Category Archives: Art

Art as medium, art as quality, art in craftsmanship, art as subject.

Art and Democracy

What’s still lacking is the interface. We have more information than we have skills to turn it into useful knowledge. It’s a human problem, not for lack of the technology. We are still using computers that require a ton of babysitting and human guidance to get much done with them. We need more background, policy-driven computing. The real goal of the vision is a deep extension of our senses—more knowledge and more control of our world. We want to know more about people, more about the places we’re in and where we are going, and more about the things we have and might acquire. — Mark Rolston Chief Creative Officer, frogdesign

I have in mind patterns I have created for years, forming a tissue framework that works in reverse: rather than information design content as a starting point, the idea is to begin with an abstract framework and see how the surface of it, the architectural tissue might better guide an effective interface.

Design for twenty tiles:

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Shooting Cataracts

I’m ten days out of my second cataract surgery. My eye scratches, wells with tears.

 “Oh, don’t worry, “ said the non-medical world I encountered. ‘My sister was at the movies the same afternoon.” “My uncle went out for lunch straight from the hospital.”

Not me

Eight months before we were satisfied the left eye had settled, the cataract was removed from the right I’ve had a life of eyes.  

I want to talk about photography and design, taking photographs daily,

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Art is Not About Communication

Art is not about communication.  Art is not a way of conveying information. It’s a way of understanding information. That is, creating a work of art is a means we have of making sense of the world, focusing to make it clearer, not a way of communicating some understanding of the world that we already hold.’  — James Kochalka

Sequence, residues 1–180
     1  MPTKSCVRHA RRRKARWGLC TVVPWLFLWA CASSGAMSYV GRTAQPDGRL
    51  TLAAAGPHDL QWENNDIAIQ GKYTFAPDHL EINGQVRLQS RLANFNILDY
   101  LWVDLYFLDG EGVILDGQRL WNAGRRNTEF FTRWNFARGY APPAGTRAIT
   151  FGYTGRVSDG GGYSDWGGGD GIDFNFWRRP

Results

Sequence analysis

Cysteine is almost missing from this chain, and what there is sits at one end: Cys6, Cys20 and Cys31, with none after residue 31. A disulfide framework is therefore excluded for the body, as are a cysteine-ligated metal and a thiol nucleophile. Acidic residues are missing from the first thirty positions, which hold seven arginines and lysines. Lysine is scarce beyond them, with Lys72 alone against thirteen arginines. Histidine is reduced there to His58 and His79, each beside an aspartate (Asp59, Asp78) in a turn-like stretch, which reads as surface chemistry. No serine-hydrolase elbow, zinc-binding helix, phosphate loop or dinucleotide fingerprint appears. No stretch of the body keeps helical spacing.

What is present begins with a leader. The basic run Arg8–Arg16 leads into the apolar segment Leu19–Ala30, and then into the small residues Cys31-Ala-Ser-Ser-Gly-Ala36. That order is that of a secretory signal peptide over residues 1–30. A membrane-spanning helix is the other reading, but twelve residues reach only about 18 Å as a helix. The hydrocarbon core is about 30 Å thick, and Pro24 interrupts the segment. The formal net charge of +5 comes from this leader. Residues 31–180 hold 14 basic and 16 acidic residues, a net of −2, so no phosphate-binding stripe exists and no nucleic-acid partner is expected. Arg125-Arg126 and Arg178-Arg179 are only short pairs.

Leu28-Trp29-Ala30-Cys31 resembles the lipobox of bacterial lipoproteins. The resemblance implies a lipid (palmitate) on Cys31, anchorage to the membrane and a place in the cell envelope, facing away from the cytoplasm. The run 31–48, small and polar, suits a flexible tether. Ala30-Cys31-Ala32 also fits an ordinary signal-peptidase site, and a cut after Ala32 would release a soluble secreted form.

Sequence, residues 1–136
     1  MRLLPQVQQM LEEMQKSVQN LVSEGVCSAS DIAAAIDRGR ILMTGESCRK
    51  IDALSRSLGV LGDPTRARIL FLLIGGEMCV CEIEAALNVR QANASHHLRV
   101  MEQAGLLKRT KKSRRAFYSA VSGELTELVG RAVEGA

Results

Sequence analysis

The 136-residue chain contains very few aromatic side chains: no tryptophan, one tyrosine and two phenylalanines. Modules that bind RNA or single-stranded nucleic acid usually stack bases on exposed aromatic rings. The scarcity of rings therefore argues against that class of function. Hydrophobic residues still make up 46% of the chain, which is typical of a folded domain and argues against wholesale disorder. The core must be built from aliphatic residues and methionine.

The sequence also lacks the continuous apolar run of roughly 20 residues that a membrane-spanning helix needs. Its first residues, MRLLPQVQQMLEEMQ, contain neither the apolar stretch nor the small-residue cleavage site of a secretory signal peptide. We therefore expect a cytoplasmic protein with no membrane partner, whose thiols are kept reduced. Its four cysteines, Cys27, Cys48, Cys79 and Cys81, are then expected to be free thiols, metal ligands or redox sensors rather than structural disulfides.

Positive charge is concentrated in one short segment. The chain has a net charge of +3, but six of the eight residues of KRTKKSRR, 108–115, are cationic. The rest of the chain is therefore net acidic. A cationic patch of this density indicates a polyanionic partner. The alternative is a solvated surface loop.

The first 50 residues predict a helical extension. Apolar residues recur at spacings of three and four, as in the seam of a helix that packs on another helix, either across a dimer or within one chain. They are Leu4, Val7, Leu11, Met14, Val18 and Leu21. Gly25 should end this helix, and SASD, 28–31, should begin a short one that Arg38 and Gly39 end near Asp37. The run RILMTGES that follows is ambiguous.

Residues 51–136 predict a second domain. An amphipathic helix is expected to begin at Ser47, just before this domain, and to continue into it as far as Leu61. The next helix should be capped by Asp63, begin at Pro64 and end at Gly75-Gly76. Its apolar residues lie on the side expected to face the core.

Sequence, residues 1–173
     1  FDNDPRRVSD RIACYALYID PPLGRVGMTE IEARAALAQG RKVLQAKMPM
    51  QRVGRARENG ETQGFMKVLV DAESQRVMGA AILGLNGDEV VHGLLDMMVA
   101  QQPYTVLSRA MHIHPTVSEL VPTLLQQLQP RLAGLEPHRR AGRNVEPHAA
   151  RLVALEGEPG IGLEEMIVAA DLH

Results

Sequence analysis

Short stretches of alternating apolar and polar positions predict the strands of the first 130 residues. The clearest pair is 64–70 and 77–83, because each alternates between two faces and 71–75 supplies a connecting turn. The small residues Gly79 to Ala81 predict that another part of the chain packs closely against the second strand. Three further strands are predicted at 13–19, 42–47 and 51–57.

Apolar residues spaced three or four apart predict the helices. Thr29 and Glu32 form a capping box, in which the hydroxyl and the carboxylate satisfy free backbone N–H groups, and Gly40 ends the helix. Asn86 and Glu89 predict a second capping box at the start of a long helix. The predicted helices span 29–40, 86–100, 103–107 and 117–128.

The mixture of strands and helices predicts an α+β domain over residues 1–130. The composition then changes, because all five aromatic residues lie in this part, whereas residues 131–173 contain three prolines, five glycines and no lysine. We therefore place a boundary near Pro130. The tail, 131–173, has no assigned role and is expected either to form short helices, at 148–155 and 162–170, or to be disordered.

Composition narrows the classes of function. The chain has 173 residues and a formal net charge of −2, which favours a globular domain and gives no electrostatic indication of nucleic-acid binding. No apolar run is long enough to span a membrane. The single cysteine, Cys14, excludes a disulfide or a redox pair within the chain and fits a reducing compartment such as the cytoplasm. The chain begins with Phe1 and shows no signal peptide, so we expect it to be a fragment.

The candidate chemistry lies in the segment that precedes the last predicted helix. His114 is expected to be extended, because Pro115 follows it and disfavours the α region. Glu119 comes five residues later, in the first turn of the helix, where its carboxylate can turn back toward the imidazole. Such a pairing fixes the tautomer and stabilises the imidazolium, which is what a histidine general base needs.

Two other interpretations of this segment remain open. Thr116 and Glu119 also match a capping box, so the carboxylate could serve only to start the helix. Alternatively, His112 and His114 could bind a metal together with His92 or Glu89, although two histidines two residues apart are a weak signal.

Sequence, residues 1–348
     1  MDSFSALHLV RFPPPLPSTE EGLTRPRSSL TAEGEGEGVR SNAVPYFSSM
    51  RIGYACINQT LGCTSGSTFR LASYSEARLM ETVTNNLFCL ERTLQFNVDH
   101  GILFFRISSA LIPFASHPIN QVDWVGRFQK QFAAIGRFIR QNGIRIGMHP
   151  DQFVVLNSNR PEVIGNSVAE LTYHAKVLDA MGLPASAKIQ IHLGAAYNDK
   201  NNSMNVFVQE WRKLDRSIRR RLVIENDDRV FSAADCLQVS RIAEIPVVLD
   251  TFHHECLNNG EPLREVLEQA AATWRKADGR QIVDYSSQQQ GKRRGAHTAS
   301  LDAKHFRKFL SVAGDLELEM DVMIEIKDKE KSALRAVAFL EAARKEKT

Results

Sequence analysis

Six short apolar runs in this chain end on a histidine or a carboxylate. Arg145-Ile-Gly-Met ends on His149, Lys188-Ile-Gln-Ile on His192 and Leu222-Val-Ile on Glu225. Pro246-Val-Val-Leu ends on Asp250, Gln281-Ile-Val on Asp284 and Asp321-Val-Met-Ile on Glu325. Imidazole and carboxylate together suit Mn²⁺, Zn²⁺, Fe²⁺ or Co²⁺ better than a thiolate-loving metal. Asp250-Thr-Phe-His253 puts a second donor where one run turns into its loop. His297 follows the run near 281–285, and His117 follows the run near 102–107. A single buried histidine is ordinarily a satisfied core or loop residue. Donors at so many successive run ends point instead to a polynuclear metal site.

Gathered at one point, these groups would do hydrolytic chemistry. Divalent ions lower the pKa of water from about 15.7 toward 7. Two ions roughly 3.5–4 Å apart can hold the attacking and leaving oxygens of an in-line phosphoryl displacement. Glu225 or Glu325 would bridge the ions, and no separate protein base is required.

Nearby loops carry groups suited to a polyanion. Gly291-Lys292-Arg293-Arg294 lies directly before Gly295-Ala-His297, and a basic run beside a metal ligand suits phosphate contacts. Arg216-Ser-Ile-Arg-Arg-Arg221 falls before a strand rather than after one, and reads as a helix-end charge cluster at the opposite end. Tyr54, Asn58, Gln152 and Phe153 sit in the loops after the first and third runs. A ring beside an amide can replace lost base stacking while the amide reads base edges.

Live in Mystery

WE NOW KNOW ENOUGH to know that we will never know everything. This is why we need art:
it teaches us how to live with mystery. Only the artist can explore the ineffable without offering us an answer, for sometimes there is no answer. John Keats called this romantic impulse ‘negative capability.’ He said that certain poets, like Shakespeare, had ‘the ability to remain in uncertainties, mysteries, doubts, without any irritable reaching after fact and reason.’ Keats realized that just because something can’t be solved, or reduced into the laws of physics, doesn’t mean it isn’t real. When we venture beyond the edge of our knowledge, all we have is art.

But before we can get a fourth culture, our two existing cultures must modify their habits. First of all, the humanities must sincerely engage with the sciences. Henry James defined the writer as someone on whom nothing is lost; artists must heed his call and not ignore science’s inspiring descriptions of reality. Every humanist should read Nature.

At the same time, the sciences must recognize that their truths are not the only truths. No knowledge has a monopoly on knowledge. That simple idea will be the starting premise of any fourth culture. As Karl Popper, an eminent defender of science, wrote, ‘It is imperative that we give up the idea of ultimate sources of knowledge, and admit that all knowledge is human; that it is mixed with our errors, our prejudices, our dreams, and our hopes; that all we can do is to grope for truth even though it is beyond our reach. There is no authority beyond the reach of criticism.”Jonah Lehrer via Maria Popova

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Stay Eager

DO STUFF. Be clenched, curious. Not waiting for inspiration’s shove or society’s kiss on your forehead. Pay attention. It’s all about paying attention. attention is vitality. It connects you with others. It makes you eager. Stay eager.” ― Susan Sontag

STARE. IT’S THE WAY TO EDUCATE YOUR EYES. Pry, Listen, Eavesdrop. Die knowing something. You are not here long. —Walker Evans

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